Some of Britain’s most popular television programmes including the Vicar of Dibley and Who Wants to be a Millionaire have been criticised for being “too white” in a report led by Trevor Phillips, the equality chief.
The research found that Black and Asian viewers felt that despite the growing number of ethnic minorities living in the UK, they still felt under-represented on hit television shows.
When non-whites did appear in dramas and soaps, they said they were often “token” characters who were stereotyped as Asian shopkeepers, such as the character Dev in Coronation Street, and black single mothers like Denise in EastEnders.
Viewers praised reality shows like the X Factor, Strictly Come Dancing and The Apprentice, in which ethnic minorities were defined by their talents rather than their skin colour.
However, they criticised shows such as Hollyoaks, Who Wants To Be a Millionaire, Friends and the Vicar of Dibley for consistently not having enough ethnic minority characters.
Mr Phillips, the chairman of the Equality and Human Rights Commission, said that all the evidence showed that television was still “hideously white where it matters”, a reference to those in senior roles.
“Most ethnic minority participants felt the media had a responsibility to reflect Britain’s diversity across all genres and was failing to do so in three main ways: by relying on tokenistic and stereotyped representation of characters; by representing extreme and exaggerated characters; and by failing to reflect the realities of contemporary ethnic minority culture,” he said.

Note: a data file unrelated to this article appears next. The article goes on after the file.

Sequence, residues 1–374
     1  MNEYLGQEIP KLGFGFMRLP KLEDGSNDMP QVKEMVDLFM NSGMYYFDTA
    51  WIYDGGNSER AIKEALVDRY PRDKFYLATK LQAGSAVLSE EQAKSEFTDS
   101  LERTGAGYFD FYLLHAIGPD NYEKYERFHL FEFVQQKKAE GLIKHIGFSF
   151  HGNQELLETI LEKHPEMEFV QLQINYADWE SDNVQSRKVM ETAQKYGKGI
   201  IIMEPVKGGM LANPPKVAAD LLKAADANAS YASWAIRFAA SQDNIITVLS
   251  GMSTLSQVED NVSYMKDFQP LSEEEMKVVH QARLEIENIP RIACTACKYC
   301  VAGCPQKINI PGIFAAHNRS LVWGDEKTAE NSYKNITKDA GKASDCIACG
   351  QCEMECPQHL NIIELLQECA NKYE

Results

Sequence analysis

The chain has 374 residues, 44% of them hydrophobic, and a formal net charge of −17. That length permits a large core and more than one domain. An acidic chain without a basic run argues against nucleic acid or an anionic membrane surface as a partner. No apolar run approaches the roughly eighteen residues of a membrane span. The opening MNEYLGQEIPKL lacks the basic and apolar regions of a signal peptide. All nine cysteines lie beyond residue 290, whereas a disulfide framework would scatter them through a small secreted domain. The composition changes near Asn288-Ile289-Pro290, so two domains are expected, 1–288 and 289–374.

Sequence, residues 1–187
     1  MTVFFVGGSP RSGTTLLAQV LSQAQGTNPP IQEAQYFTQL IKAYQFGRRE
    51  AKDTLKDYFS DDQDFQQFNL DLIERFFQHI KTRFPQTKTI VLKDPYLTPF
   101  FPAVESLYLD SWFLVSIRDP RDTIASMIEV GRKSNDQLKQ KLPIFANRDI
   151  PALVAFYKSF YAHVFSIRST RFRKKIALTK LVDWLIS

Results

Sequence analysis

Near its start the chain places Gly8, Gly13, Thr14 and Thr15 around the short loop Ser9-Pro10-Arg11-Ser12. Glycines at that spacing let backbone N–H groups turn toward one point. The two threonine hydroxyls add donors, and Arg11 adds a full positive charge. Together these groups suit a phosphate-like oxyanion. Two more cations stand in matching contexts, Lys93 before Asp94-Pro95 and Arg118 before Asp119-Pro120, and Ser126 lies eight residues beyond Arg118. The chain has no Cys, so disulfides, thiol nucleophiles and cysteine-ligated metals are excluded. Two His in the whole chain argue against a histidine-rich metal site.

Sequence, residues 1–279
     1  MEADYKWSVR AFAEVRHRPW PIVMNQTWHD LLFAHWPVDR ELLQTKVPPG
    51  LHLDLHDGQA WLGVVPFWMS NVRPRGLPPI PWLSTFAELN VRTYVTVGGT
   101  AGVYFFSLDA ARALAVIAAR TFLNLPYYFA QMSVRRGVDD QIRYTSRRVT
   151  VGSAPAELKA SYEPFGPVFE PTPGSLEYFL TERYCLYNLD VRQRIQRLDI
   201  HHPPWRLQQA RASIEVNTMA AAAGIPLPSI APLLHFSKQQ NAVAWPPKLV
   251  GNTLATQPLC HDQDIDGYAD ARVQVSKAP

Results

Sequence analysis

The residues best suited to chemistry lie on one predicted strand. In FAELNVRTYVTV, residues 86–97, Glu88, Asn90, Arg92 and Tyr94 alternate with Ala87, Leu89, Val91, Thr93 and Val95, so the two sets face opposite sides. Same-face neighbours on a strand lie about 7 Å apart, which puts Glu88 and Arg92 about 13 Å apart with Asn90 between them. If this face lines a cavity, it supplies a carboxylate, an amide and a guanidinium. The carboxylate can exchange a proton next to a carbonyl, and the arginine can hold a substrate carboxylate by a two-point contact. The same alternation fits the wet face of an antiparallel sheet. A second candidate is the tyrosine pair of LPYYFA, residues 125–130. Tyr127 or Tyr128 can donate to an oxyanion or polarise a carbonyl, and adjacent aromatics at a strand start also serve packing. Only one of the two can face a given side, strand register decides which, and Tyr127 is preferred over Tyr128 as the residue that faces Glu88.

“All these shortcomings were attributed to some extent to the perceived lack of a representative power base within UK media.”
The study was commissioned by Channel 4 following the Celebrity Big Brother race row last year when Jade Goody and glamour model Danielle Lloyd rounded on Shilpa Shetty, the Bollywood star.
Black and Asian viewers said they were concerned that white viewers got the wrong impression of ethnic minority groups because they were often inaccurately portrayed on screen.
Muslim respondents said that a recent episode of Wife Swap featured a Muslim family where the mother was “completely over the top”, while Asian dramas often focused on arranged marriages.
One Indian woman told researchers: “We would like to see a more realistic view of Asians. A lot of Asians are professionals and educated and we don’t just work in corner shops.”
Another black Caribbean man said: “They don’t portray black people doing different roles and in every aspect of every field, like doctors, lawyers and architects.”
The research comes only weeks after Dr Samir Shah, a non-executive director at the BBC, accused broadcasters of rampant tokenism in their programming.
He claimed that a “tick-box approach” to showing non-whites had left minority viewers feeling embarrassed and irritated.
His comments echoed those of Lenny Henry, the comedian, who claimed that television was still being dominated by white faces.
He said that urgent steps were needed to give people who did not benefit from an Oxbridge education the chance to get a job in the industry.
In 2001, Greg Dyke, the former BBC director general, attacked the corporation seven years ago for being “hideously white” and promised to make it more diverse.